So, on that Saturday, Konia took Zete to a building downtown that seemed fairly old and had no signage on the outside. Curious, Zete followed Konia inside to what he could only surmise was some kind of Christian gathering of troubled teens. Zete hadn't felt this uncomfortable in a while, but could also sense that his presence was welcome and even appreciated by some there. This group had it all: the alcohol-addicted boy who was still hungover for this meeting, the pregnant teenage girl whose mother still raged with anger, the abandoned twins living with a distant relative, and the boy who had been arrested several times for violent behavior. As they began to talk, share successes and failures, and encourage each other, it felt to Zete that the group was picking up where they left off in a conversation that had been going on a long time. They knew each other intimately. Their time together, led by a few volunteer adults, included intense moments of crying, praying, shouting, singing, and sometimes utter silence.

As they left, Konia asked Zete, "What did you think?"

"Well," said Zete, "as powerful as that experience was, it's not like the kind of 'church' I'm used to. I would still love to visit that one church in town."

Uncharacteristically, Konia's face fell somewhat as she said, "Yes. If you insist. There is a service this evening if you would like to go."

"Yes, please, " Zete said, "I'm very anxious to visit it based on what I've seen."

So that night, Konia took Zete to the church he had been wanting to visit. And what a place it was! Zete was not disappointed, and it was even better than he thought. This church truly brought him back to what he was used to growing up, and it felt so much more in his comfort zone. He was blown away by the music. Several groups performed as the people sat looking forward and listening, each one at top notch quality, and all were followed by applause. At other times, all the people raised their hands and voices in praise. The pastor was an incredibly dynamic speaker that captivated everyone's attention with his style, visuals, and illustrations. When the sermon was over, Zete found himself wishing he could listen to more. Zete and Konia joined the others as everyone walked back out to their cars.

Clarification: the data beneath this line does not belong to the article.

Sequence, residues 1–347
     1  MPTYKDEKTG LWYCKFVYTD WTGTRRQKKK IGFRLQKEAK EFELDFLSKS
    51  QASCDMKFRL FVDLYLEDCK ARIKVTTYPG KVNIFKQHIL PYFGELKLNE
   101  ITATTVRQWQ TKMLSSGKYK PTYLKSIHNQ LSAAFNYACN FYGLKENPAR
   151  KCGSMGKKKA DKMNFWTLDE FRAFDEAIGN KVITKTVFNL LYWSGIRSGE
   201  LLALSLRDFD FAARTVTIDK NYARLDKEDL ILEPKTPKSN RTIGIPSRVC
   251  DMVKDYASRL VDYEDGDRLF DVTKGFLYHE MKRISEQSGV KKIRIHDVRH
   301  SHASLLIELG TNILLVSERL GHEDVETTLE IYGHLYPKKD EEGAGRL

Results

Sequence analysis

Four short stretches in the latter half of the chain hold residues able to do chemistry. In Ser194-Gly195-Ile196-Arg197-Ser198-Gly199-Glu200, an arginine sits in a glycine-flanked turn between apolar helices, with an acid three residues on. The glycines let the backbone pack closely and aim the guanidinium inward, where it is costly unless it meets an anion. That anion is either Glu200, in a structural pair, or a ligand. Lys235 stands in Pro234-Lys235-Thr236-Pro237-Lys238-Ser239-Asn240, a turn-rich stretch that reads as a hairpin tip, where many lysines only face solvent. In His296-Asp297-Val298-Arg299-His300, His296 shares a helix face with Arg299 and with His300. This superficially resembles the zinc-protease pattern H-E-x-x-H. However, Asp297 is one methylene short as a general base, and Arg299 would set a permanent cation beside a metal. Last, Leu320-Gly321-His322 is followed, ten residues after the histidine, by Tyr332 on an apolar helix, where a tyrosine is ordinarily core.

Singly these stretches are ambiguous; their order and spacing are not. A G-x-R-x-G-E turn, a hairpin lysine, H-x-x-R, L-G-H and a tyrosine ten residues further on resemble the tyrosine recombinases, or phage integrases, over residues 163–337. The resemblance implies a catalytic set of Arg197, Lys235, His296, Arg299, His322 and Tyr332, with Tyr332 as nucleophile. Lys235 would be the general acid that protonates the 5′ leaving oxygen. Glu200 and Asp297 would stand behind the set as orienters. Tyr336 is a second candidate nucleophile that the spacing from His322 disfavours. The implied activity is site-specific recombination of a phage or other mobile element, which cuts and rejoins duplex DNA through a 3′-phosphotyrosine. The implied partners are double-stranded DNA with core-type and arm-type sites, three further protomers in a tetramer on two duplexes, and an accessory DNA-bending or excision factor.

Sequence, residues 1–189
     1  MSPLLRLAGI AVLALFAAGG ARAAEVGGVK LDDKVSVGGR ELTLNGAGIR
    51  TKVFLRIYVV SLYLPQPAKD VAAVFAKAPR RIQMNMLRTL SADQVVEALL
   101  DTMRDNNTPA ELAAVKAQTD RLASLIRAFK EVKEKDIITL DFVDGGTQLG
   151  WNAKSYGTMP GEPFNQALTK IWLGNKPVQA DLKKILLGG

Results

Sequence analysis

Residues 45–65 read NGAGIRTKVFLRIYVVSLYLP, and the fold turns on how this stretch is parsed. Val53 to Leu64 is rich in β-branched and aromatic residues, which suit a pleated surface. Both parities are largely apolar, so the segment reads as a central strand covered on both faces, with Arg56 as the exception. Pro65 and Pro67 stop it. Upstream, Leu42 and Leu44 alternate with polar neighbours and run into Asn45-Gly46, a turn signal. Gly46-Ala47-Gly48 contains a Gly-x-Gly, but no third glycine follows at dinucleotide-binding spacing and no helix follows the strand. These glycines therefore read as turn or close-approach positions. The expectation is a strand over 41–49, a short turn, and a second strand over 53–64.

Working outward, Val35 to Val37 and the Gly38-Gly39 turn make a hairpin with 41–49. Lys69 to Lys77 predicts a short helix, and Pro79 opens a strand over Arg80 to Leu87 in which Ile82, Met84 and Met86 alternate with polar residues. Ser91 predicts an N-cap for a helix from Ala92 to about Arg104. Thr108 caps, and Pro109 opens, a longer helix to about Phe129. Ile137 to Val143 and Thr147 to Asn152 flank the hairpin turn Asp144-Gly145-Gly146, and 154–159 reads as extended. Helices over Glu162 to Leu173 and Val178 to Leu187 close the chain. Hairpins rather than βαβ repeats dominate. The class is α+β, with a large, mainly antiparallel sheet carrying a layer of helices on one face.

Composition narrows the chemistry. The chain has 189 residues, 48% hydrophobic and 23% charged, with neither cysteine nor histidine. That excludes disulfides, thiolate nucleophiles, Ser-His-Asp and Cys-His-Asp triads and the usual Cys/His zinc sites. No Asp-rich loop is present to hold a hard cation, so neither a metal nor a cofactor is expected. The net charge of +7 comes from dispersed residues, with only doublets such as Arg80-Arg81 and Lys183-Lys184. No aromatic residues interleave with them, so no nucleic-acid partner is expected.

"Wow," Zete said. "I'm so glad we visited this church! I had a great time! Too bad I didn't get to meet anyone..."

"Yes, that is too bad." Konia said.

Zete could tell that Konia did not seem to share his feelings about this church. "What's wrong?" he asked. "You know, I sought you out because I was told that you were the wisest and most faithful Christian around. You helped me remember what Jesus said about 2 or 3 gathering in His name. Here at this church, there seems to be plenty of people, and it was an amazing experience for everyone!"

Konia looked up at Zete. "Yes," she said. "But you see, that was not a gathering of two or three. It was a crowd of ones."


All Things Are Possible...On the Narrow Path

I recently attended a conference where the theme was "Mission Possible." The corresponding scripture reference was Jesus's statement in Matthew 19:26: "With man this is impossible, but with God all things are possible." This verse is found in the context of Jesus's conversation with a man known as a "rich young ruler," found in 3 of the 4 gospels with slight variations (Matthew 19:16-30; Mark 10:17-31; Luke 18:18-30). In Mark and Luke, he says to Jesus, "Good teacher, what must I do to inherit eternal life?" (In Matthew, he asks, "Teacher, what good thing must I do..."). Jesus, in some comments that don't jive well with traditional Christian doctrine, first distances himself from God and "goodness" saying that "no one is good, except God alone," and then answers the man's question about attaining eternal life by telling him to "obey the commandments." The commandments that Jesus specifically mentions are five of the Ten Commandments (plus "love your neighbor" in Matthew), which deal with person-to-person relations. The rich man affirms that he has never broken any of these commandments, and in Matthew asks, "What do I still lack?" Jesus then tells him to go and sell everything he has and give it to the poor, and then to come and follow him. Saying nothing, the man walks away "sad." Jesus then says, "It is easier for a camel to go through the eye of a needle than for a rich man to enter the kingdom of God." A puzzled group of disciples ask, "Who then can be saved?" It is at this point that Jesus makes the statement: "With man this is impossible, but with God, all things are possible."